I have over 2GB of textures that I need to put in D3D9's D3DPOOL_MANAGED pool.

D3D9 charges the system copy of anything in the D3DPOOL_MANAGED to my process space. I'm working on a 32-bit system so I have less than 1.7GB of available process space.

Is there a way to limit the size of the pool D3D9 stores in my process, that is to tell it to keep anything else it needs to cache on disk?


1 Answer 1


No. You will need to implement that behavior yourself.

A simple way to do this is to wrap the D3D texture object in your own type (in order to allow you to keep the references to that texture while still dropping and reallocating the underlying D3D texture):

struct TextureReference {
  IDirect3DTexture9 * GetTextureObject();

  std::size_t GetSize() const;     

Keeping all these in a central pool via a dictionary or set will allow you to know the size consumption of all textures. When you start to reach a limit, you can evict textures based on size or last-recently-used timestamps or whatever else you'd want to track.

It's tricky because getting the in-memory consumption of a texture from D3D is not reliable, so you'll be leveraging guesswork most of the time to implement GetSize. You can use the on-disk size of the texture as a baseline and add padding as necessary.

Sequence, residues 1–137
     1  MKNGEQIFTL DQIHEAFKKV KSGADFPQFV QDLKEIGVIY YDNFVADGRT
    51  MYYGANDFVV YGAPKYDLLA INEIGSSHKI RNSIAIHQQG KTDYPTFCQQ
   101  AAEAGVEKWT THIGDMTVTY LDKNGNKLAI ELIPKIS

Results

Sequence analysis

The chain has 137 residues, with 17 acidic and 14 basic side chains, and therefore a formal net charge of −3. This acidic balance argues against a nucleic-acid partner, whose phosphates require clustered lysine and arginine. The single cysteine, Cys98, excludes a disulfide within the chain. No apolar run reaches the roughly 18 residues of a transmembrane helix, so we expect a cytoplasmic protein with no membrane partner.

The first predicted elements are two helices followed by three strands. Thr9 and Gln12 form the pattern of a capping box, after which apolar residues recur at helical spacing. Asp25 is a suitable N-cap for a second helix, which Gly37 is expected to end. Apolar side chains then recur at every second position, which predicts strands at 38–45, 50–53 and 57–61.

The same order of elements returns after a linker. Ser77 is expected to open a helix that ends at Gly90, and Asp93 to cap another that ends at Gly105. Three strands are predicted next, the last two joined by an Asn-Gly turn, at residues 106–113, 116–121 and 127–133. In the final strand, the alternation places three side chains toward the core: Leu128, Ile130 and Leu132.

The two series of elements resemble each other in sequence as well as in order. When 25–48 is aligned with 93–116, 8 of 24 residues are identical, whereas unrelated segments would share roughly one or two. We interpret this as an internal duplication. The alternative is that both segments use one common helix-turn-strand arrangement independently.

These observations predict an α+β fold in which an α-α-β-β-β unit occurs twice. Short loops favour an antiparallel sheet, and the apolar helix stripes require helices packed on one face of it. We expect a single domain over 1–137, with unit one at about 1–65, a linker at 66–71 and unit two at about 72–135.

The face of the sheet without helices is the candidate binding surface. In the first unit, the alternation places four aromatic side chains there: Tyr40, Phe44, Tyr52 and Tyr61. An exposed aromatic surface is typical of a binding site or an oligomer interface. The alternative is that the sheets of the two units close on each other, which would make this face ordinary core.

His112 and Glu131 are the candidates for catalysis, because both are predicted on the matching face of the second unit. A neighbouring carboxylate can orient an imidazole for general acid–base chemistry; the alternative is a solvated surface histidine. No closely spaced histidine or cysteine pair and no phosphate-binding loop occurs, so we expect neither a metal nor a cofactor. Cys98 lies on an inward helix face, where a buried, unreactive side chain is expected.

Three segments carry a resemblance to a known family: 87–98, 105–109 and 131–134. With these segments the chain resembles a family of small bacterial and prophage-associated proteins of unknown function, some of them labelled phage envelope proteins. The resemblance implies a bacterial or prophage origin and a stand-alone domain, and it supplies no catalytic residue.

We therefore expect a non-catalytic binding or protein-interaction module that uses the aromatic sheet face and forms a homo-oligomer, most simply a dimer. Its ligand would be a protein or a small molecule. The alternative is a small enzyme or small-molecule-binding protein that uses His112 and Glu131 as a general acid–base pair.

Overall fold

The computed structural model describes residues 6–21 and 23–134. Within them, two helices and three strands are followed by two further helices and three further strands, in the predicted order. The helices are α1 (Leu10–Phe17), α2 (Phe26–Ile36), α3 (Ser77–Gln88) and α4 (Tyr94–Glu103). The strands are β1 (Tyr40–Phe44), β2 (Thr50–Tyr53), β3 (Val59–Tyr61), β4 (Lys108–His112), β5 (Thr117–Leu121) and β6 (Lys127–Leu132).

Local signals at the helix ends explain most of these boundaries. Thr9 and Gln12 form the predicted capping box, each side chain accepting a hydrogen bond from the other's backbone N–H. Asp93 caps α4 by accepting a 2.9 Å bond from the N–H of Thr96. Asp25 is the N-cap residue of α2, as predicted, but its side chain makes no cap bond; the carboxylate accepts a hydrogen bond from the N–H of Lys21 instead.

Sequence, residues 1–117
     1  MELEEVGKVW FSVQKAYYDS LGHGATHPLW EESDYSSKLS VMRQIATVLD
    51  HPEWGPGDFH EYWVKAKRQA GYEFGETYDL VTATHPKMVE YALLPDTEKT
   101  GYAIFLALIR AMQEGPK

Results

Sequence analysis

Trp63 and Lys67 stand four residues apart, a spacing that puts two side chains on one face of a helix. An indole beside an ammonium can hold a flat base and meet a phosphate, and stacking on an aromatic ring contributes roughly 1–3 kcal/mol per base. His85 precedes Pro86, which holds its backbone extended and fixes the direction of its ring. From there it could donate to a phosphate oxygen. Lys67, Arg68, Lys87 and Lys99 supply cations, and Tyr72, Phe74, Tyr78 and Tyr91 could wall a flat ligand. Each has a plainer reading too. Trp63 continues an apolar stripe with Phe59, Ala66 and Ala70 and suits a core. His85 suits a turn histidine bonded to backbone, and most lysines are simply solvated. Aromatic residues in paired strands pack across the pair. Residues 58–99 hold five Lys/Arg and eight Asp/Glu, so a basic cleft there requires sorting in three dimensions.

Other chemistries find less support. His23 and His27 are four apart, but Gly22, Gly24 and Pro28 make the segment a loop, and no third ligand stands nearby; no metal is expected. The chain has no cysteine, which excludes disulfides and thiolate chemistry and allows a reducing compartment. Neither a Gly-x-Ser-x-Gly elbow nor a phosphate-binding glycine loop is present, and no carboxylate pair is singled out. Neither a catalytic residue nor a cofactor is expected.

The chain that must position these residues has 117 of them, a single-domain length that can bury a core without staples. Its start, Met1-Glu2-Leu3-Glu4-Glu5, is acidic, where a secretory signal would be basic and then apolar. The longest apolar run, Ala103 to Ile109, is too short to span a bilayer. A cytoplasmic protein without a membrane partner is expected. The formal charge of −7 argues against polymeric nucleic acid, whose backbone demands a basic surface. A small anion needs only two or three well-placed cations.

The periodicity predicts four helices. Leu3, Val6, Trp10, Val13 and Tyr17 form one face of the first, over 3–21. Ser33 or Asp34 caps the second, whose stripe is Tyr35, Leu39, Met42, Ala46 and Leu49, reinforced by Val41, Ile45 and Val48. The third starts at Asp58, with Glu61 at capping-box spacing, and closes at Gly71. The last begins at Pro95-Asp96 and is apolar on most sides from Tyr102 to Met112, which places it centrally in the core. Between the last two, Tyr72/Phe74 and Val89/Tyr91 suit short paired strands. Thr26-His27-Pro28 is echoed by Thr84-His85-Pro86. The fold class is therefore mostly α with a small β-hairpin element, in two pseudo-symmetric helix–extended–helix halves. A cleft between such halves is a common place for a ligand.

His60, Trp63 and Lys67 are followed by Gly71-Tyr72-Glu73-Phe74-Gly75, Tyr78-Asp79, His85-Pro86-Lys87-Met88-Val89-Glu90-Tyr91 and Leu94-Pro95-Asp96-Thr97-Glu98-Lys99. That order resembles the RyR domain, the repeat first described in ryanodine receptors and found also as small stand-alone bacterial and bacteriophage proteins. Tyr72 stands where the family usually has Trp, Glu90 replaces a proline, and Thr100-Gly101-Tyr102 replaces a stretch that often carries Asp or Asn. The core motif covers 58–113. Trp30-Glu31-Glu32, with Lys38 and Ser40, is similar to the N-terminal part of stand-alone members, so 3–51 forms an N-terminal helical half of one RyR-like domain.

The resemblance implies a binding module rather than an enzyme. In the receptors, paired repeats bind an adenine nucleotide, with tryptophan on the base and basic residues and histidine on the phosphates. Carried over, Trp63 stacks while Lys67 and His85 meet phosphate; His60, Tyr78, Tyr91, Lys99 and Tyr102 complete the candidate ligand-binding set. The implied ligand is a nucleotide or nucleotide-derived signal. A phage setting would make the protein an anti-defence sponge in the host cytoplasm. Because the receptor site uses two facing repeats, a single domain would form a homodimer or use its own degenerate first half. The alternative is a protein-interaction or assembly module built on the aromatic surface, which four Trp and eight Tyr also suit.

This method also allows you sufficient abstraction to implement this pooling as one giant "megatexture-like" back-end D3D texture, where you load new textures by rendering them into available regions on the single backing texture and evict them by marking the regions as empty. This does require a good bin-packing algorithm, but it could help with problems related to GPU-memory fragmentation (since you can allocate a fixed-size texture as large as you can get away with and that consumption stays fixed). However, if you find yourself needing to swap textures frequently it could be a performance issue. It is probably worth considering, though.

  • \$\begingroup\$ So this sounds a little like texture tiling if I'm understanding you correctly, where I'd just mark a tile as dirty? But wouldn't that meant that I need to do texture management rather than letting DX9 do texture management, which would effectively mean that I needed to simply stuff my mega-texture in the D3DPOOL_DEFAULT? \$\endgroup\$ Commented Jan 3, 2014 at 20:06
  • \$\begingroup\$ You will need to do more management, yes. But you could use either pool in theory. \$\endgroup\$
    – user1430
    Commented Jan 3, 2014 at 20:12

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